The outsize sense of entitlement behind the quest for a “healing” birth

12665132 - word on keyboard made in 3d

When my children were small, there was rarely a day that passed without someone whining, ”It’s not fair!”

I would inevitably respond with some variation of, “Who said life was fair?”

[pullquote align=”right” cite=”” link=”” color=”” class=”” size=””]Believing you are entitled to a “healing” birth makes as much sense as believing you are entitled to a “healing” diet that will finally make you thin.[/pullquote]

Sometimes I would expand on that admonition by explaining that anyone who expected that everything would always be fair was destined to be sorely and repeatedly disappointed. The difference between a happy life and an unhappy life is not whether you experienced unfairness; everyone does. The difference is how you deal with it. You have to learn to accept it and move on. That didn’t mean that you have to be happy about it, just that you can’t let yourself become weighed down by sadness and anger.

That’s how I explained it to children. The adult version is this: you have to be unbelievably entitled to imagine that you are owed fairness.

I am reminded of this whenever I read about a woman’s quest for a “healing” birth, as I did yesterday. Joni Edelman wrote:

His birth was supposed to be peaceful, swimming into the world in our kitchen, surrounded by his family, welcomed with cake and champagne. He was supposed to come out easily and heal me from the trauma of my previous labor and dystocia. His birth was supposed to be a lot of things that it was not.

This birth was supposed to “heal” her from a previous disappointing birth?

Where did she get the idea that she was entitled to the birth of her dreams? Where did she get the idea that if she didn’t get that ideal birth the first time, she is entitled to get it on the next go round? I’d be willing to bet she acquired that outsize sense of entitlement from the natural childbirth industry.

It surely wasn’t from an obstetrician; obstetricians don’t care about how a baby is born just that a healthy baby is born to a healthy mother. I suspect it wasn’t her partner; he was probably thrilled to be a father and considered the method of birth to be irrelevant (to the extent that he considered it at all). I doubt it was her parents or in-laws who were disappointed with her either.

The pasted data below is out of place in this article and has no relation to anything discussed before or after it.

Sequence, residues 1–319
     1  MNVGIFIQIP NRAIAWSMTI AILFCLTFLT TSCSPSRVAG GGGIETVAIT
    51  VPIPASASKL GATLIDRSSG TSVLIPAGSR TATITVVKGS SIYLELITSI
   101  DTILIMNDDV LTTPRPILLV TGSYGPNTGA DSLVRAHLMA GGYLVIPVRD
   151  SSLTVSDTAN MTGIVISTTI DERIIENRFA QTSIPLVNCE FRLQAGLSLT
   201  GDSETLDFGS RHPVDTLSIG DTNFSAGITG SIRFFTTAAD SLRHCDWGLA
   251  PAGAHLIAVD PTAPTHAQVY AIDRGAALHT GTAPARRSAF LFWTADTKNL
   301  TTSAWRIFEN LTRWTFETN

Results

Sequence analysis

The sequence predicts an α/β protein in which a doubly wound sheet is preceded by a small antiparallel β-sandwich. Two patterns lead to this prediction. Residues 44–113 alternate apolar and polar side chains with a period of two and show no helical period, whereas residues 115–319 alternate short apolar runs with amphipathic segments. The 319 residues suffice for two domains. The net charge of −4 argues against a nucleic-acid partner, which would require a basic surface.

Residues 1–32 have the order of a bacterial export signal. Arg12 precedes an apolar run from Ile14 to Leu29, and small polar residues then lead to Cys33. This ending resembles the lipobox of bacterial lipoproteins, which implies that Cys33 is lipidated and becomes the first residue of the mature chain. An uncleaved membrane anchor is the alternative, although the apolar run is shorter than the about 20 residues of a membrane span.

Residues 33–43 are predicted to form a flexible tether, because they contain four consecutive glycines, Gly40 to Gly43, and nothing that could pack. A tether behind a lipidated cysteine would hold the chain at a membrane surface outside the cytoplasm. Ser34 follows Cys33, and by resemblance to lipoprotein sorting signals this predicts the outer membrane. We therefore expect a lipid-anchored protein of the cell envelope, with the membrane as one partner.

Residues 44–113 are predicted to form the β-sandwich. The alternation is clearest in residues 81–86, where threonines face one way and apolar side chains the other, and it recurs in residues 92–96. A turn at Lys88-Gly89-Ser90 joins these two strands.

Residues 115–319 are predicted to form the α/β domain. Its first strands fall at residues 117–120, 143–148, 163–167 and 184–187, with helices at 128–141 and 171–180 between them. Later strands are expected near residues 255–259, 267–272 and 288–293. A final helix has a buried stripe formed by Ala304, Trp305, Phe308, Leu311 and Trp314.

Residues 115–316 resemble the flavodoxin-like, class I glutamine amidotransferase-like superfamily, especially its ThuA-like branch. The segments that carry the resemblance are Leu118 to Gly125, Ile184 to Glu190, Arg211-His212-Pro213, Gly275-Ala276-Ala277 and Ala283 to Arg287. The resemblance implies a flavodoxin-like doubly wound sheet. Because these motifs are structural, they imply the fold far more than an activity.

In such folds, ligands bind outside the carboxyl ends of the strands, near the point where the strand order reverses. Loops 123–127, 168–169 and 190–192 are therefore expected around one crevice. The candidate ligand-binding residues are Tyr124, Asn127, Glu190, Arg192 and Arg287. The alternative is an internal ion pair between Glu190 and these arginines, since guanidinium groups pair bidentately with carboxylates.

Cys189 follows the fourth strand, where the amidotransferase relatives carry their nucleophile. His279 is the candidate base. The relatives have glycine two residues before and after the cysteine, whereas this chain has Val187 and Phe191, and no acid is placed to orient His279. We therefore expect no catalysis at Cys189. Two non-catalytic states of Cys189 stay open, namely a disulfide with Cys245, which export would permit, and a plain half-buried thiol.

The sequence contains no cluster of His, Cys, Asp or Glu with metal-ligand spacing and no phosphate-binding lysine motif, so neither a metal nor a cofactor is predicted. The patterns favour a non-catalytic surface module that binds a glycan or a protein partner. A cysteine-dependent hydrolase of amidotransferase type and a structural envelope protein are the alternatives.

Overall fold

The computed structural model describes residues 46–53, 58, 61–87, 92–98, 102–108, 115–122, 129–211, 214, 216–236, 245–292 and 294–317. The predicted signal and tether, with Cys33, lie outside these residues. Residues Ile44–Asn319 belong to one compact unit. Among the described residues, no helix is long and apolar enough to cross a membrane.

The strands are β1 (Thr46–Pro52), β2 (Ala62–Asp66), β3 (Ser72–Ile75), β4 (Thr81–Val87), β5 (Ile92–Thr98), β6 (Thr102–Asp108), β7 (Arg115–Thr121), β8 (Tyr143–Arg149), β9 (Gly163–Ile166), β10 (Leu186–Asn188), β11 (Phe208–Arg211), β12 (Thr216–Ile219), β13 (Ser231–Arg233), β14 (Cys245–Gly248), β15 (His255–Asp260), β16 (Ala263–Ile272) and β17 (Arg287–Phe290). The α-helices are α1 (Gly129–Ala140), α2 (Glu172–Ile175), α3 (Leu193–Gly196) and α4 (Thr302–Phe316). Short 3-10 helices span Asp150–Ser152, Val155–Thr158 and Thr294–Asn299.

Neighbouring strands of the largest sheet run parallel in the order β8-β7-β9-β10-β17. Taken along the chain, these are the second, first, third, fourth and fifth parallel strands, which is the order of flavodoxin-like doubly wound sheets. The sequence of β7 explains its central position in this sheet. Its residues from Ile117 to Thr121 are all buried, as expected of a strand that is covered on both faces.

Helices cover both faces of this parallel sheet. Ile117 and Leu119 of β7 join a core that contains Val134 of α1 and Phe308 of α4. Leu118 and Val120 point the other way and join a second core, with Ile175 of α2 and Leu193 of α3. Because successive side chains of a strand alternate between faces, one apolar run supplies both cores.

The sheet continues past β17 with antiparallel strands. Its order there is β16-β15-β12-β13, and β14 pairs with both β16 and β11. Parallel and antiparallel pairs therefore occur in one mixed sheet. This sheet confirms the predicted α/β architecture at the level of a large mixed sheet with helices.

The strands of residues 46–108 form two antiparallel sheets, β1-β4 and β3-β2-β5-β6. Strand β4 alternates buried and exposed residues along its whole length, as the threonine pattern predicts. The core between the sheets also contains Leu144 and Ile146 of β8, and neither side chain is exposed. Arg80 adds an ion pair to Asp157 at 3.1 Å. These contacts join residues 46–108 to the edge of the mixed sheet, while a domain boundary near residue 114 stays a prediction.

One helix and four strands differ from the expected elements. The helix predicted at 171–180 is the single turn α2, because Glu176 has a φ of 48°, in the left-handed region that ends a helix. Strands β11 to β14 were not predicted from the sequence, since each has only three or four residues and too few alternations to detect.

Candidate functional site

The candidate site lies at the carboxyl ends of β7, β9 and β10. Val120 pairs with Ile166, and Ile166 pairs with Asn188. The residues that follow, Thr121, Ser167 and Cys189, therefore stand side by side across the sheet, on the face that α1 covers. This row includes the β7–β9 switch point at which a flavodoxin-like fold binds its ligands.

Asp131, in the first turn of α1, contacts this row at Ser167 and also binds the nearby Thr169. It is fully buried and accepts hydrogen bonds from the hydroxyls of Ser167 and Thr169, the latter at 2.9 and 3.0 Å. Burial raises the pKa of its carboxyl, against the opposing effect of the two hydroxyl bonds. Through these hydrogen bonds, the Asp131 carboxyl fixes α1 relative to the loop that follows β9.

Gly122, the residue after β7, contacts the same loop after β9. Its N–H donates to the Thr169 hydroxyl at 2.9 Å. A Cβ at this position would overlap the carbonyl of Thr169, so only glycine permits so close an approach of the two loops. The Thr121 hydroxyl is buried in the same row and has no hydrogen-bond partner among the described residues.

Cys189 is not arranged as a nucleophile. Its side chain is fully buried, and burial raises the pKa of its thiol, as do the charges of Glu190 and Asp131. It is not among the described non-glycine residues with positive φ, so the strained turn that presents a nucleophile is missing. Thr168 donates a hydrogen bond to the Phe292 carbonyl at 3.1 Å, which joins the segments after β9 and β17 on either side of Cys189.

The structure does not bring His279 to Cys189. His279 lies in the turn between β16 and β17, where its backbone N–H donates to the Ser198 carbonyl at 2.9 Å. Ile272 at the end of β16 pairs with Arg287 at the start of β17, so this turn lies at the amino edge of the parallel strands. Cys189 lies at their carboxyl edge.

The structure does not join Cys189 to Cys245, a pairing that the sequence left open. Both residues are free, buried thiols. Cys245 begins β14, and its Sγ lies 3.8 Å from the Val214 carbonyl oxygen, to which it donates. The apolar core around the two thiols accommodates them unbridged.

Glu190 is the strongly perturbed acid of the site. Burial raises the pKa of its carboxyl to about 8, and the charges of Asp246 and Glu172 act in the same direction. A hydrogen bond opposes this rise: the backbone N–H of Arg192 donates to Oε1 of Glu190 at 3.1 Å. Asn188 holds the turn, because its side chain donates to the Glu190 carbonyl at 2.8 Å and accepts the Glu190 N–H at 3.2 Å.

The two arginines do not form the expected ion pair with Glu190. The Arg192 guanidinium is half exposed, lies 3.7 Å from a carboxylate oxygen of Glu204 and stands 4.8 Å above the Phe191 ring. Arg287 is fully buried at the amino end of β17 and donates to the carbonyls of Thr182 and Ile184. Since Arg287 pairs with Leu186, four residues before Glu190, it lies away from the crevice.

The natural childbirth industry sold her (through their books, websites, childbirth courses, midwives and doulas) a birth that would make her dreams come true and then it didn’t happen. That might have made her question whether giving the industry so much money for promises they couldn’t keep was really worth it.

How convenient (and profitable) for them that they could double down and offer her more books, websites, childbirth courses, midwifery care and doula services to help her “heal” from the disappointment of her first birth, the disappointment that they themselves caused by convincing her that she was entitled to the birth of her dreams.

How convenient for them that at no point are they (or she) forced to re-evaluate validity of the books, websites, childbirth courses, midwifery care and doula services from which they earn their income. They are always correct. She can just try again and this time it will happen!

It’s like the fashion industry. The same people who spend millions marketing the idea that thin women are better, make millions more by marketing the products that will supposedly make you thin. And if a woman’s self-image and self-confidence are undermined because she failed to achieve the ideal weight, it’s her fault for failing, not their fault for creating an unrealistic sense of entitlement.

The idea that a woman is entitled to a “healing” birth makes as much sense as the idea that she is entitled to a “healing” diet that will finally make her thin. Not everyone can be thin and imagining that you are entitled to be thin will just make you miserable. Not everyone can have the birth that midwives, doulas and childbirth educators promise; imagining that you are entitled to such a birth will just make you miserable.

Life isn’t fair. Those who are mature enough to accept that reality deal with their disappointment and move on. Those who aren’t have another baby hoping they will finally get their “healing” birth.